Neurology Community
Infantile Spasms
About This Community:

This forum is for questions and support regarding neurology issues such as: Alzheimer's Disease, ALS, Autism, Brain Cancer, Cerebral Palsy, Chronic Pain, Epilepsy, Headaches, MS, Neuralgia, Neuropathy, Parkinson's Disease, RSD, Sleep Disorders, Stroke, Traumatic Brain Injury.

Font Size:
Blank Blank

Infantile Spasms

My 9 month old son was disagnosed w/Infantile Spasms on 11/16/07.  His first EEG was quite erratic.  His MRI was incomplete due to system failure. Since then he has finished a 5 week course of ACTH & had another EEG.  The most recent VEEG showed no seizure activity during his awake time but focalized spikes from his left temporal lobe while sleeping.
Now onto my questions.  1) Do you have any resources to help a layman understand an EEG report?  2) What areas of development does the left temporal lobe control?  3)  Can he continue to progress developmentally even with seizure activity during his sleep?

Thank you for taking the time to help...
Trevor's Mommy
Related Discussions
368886 tn?1449853177

The temporal lobe has a few crucial functions to serve. It is a seat of memory. A structure called Hippocampus, deep in the temporal lobe, stores memory. The temporal lobe also has the primary sensory area and sensory integration areas for hearing. And the lobe, towards its back end, has an area of cortex which is responsible for perception of objects as they appear.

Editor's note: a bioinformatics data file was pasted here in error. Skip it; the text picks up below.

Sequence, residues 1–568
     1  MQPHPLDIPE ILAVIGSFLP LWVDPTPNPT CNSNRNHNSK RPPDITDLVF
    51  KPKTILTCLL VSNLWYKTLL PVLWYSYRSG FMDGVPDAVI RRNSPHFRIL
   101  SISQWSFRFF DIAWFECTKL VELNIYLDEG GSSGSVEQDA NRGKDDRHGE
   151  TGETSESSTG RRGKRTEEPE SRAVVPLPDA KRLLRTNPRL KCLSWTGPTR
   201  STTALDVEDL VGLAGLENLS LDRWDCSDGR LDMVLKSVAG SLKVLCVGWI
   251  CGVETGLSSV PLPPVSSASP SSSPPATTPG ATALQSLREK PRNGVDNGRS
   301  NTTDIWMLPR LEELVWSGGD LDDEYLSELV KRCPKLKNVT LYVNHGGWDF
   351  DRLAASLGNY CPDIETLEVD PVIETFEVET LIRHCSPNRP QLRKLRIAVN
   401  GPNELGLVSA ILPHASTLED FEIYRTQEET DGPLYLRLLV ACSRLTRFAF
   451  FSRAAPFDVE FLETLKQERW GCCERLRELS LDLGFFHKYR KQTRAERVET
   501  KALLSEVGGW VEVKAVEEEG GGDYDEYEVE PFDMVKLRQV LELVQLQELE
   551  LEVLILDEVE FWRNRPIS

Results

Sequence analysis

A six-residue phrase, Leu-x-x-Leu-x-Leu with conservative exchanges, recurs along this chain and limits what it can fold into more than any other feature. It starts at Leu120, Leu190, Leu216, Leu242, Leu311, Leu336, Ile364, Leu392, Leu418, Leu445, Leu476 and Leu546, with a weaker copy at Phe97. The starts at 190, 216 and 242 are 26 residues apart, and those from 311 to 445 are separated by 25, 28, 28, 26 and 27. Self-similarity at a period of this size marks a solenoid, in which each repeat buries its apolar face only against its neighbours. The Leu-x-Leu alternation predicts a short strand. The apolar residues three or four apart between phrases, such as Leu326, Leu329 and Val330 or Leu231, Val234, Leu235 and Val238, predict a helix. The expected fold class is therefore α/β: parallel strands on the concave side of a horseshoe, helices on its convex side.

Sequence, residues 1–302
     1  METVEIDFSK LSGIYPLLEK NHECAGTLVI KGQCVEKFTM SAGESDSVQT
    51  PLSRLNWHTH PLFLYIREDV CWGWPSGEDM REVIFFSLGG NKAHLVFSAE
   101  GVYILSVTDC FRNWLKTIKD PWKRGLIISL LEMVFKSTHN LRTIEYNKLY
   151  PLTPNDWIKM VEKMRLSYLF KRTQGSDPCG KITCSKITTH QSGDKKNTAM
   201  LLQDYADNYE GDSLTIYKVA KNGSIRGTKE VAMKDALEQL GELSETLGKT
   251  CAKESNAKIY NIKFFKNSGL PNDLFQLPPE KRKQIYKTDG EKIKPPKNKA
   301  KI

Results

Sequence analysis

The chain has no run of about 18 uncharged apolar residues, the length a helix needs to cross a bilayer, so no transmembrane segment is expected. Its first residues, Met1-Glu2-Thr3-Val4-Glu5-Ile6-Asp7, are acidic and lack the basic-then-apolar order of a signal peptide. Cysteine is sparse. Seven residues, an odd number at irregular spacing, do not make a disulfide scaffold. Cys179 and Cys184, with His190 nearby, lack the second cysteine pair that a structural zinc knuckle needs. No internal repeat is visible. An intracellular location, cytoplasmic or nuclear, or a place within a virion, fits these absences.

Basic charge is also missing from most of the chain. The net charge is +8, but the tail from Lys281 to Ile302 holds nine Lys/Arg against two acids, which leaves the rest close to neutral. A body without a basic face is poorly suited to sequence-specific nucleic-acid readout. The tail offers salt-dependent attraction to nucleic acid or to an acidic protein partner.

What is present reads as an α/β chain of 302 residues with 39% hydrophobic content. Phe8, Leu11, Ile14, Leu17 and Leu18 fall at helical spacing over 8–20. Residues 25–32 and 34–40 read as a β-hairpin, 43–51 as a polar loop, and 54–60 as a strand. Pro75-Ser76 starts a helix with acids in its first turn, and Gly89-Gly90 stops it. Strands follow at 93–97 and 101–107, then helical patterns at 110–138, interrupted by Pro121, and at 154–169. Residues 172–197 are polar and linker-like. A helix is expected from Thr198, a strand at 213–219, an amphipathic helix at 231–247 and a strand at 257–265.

About his development. Seizure activity is known to affect the brain functions. It will be difficult to say to what extent the seizure activity will affect his development. But, if remission is achieved, the effects can be minimized.

EEG interpretation can be done by a qualified professional only. But if you wish to understand the report, you need to know a few basic things.

The waves seen on the EEG are the recordings of the electrical activity in the outer 2 to 3 layers of the cortex. (Note: The cerebral cortex has 6 layers). The electrodes can detect minute signal (electrical) changes in a particular area. The electrodes are placed on the skull at regular intervals, and the particular arrangements of the electrodes are called montages. Generally, the upper half of the EEG page is the activity of the right side of the brain.

You need to know, that there are certain brain waves. The brain waves are 'beta', 'alpha', 'theta' and 'delta', in the decreasing order of their frequency.

A usual EEG report mentions any change in the character of the waveforms.

As you are reading this post, your brain has mostly 'beta' waves. If you close your eyes, but are awake, and focus your mind on one thing, alpha waves will take over. And subsequently as you fall into deeper stages of sleep, you will have theta and delta waves. This is the normal pattern.

Theta and delta waves are called slow waves (less than 8Hz). They are normal in sleep.
Now, an EEG with predominantly theta waves (or slow waves) while the person is awake, is obviously abnormal. To mention a fact, the theta waves originate from Hippocampus.

A report which mentions "spike and wave pattern" hints towards a seizure activity in that particular area.

I could not find a satisfactory and easy site on the net. Hence I typed in a few things here.

You may please ask any specific query here, regarding EEG,

Hope this helps.

Dr Abhijeet Deshmukh
Post a Comment
Weight Tracker
Weight Tracker
Start Tracking Now
Neurology Community Resources
Top Neurology Answerers
620923 tn?1452919248
Allentown, PA
144586 tn?1284669764
1780921 tn?1416842066
Chandler, AZ
11079760 tn?1449081557
Minneapolis, MN
209987 tn?1451939065
4760166 tn?1398360913